Frequently Asked Questions About Customer Data Platforms

Illustration of CDP A to Z with a series of acronyms

Customers give you lots of data every time they interact with your brand, but that data comes in different shapes and formats with no unifying key. To bring your messy data to life and pull valuable insights from it, you need a solution that can work with chaotic data and let you use it effectively, which means making sense of it, learning from it, and putting it into action. 

We know the data management space is confusing — that’s why we’ve gathered a selection of the most helpful FAQs on customer data to help you with anything you need to know.

CDP basics & benefits

What should I look for in a CDP?

What are the key features of a CDP?

A CDP needs to collect customer data from disparate sources, unify them into profiles, generate insights to find opportunities and guide personalization, and send segments to activation tools. A good CDP should also:

  • Give users confidence in the data with a strong identity resolution solution and transparency into profile stitching

  • Democratize access across the organization with views scoped to roles and interfaces for technical and non-technical users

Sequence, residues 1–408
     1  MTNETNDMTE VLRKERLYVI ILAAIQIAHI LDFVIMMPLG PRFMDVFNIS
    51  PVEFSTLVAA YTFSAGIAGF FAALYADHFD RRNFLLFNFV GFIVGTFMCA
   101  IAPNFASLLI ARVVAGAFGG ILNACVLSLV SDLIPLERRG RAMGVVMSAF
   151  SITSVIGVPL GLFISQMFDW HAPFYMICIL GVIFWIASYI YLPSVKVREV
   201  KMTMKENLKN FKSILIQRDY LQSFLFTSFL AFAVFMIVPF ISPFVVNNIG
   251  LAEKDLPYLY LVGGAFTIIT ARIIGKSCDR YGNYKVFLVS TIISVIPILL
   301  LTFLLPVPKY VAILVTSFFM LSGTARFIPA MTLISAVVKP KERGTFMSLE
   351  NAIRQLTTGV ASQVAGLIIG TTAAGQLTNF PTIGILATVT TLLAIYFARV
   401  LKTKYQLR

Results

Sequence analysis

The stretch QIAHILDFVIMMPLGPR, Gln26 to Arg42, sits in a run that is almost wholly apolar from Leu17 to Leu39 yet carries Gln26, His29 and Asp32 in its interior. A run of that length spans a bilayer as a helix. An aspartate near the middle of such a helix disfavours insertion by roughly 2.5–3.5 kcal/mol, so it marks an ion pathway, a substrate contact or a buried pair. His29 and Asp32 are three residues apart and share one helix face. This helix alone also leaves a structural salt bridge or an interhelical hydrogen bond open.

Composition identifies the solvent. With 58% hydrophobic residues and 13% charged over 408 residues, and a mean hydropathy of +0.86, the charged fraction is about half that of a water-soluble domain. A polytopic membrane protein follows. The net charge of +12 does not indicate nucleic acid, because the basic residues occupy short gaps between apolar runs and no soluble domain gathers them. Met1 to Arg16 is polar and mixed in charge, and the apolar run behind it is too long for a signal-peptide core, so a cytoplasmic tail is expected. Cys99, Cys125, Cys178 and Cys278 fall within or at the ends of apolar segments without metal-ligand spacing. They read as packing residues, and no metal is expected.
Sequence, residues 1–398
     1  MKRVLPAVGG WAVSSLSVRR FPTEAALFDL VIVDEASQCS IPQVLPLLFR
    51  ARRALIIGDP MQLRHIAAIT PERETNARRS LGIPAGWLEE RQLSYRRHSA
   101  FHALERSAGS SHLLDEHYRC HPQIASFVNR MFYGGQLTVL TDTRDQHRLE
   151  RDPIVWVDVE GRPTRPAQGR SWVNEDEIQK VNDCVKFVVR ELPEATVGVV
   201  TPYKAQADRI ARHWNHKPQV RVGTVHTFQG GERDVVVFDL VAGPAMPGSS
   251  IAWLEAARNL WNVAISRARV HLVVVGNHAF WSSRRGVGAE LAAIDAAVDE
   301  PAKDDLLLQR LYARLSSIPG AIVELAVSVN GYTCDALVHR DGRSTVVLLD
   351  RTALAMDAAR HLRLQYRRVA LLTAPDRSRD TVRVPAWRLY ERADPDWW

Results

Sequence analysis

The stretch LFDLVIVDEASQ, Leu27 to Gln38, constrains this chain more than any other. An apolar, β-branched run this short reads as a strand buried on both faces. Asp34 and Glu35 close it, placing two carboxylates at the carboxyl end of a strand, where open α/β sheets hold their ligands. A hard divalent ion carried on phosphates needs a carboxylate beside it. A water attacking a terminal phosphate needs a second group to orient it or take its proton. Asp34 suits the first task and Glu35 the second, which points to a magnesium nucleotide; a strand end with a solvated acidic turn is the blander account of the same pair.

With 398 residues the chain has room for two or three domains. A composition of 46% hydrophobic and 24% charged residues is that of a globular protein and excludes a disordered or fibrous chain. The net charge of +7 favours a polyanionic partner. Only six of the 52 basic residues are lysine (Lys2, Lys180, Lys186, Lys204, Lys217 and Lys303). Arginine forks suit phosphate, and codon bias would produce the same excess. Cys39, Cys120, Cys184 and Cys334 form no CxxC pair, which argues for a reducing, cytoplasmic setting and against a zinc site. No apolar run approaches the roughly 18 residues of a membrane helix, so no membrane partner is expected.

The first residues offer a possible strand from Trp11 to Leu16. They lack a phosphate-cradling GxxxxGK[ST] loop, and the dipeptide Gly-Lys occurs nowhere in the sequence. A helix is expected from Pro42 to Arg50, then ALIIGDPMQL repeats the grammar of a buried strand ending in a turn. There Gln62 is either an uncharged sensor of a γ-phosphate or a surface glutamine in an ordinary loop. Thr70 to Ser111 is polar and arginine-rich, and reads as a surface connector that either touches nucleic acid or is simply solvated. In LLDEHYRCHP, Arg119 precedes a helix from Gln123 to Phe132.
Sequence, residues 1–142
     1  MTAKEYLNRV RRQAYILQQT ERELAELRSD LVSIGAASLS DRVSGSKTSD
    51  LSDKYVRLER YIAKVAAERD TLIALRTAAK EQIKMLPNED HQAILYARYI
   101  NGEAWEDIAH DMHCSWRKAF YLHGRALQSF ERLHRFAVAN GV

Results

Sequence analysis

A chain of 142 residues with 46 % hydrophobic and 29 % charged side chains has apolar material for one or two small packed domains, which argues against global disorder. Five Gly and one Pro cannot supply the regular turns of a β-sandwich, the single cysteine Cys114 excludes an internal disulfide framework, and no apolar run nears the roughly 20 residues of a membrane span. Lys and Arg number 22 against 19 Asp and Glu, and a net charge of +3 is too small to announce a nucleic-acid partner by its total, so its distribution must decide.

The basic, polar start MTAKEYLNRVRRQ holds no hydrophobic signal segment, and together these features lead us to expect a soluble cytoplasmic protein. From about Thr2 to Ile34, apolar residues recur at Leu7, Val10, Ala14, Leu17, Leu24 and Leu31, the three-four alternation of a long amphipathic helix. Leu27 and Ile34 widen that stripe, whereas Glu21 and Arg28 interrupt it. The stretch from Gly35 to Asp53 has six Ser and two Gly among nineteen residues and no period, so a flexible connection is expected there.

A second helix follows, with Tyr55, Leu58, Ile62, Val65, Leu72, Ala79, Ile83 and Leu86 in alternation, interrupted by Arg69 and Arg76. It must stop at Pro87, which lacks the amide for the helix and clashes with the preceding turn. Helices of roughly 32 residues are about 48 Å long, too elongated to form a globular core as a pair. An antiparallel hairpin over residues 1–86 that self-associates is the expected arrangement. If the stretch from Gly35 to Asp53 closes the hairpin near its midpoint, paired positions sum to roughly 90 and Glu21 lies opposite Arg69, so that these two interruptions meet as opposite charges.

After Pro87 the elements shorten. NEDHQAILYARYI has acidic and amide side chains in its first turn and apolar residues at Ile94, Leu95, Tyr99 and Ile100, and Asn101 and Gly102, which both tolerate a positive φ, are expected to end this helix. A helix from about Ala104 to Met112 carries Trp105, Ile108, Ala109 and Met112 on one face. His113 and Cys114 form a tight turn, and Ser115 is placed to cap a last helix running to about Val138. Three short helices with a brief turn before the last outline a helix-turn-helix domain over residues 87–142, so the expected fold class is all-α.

• Surface applicable insights about customers and put prioritization and opportunity sizes at users’ fingertips

What are some different types of CDPs?

CDPs can have major differences in their capabilities, especially if they started out with a different focus, such as providing an email service or tag management. It is not uncommon to have two or more pieces of software that identify as a CDP but perform different functions. Some of these functions include:

  • Identity & foundation - focus on unifying data and creating accurate profiles that can power downstream systems

  • Data pipes - emphasis on moving data around between systems quickly

  • Orchestration and Customer Experience - indexed towards helping Marketers building customer journeys

CDP vs CRM: How are they different?

Customer relationship management (CRM) tools depend on known customer data to keep track of customer data and interactions. CRMs do not aggregate data sources, deduplicate customer records, or manage anonymous data. Additionally, a CRM is typically not as well connected to the various marketing activation channels as a CDP.

CDP vs DMP: What are the key differences?

Data management platforms (DMP) aggregate and categorize digital events to generate insights for ad placement; they mainly rely on third-party data. As the third-party data ecosystem erodes resulting from regulatory and privacy changes, CDPs becomes a better place to aggregate first-party data, append third-party data where appropriate, and activate the unified data directly with external systems like advertising platforms.

CDP vs MDM: What are challenges of using a MDM for customer data?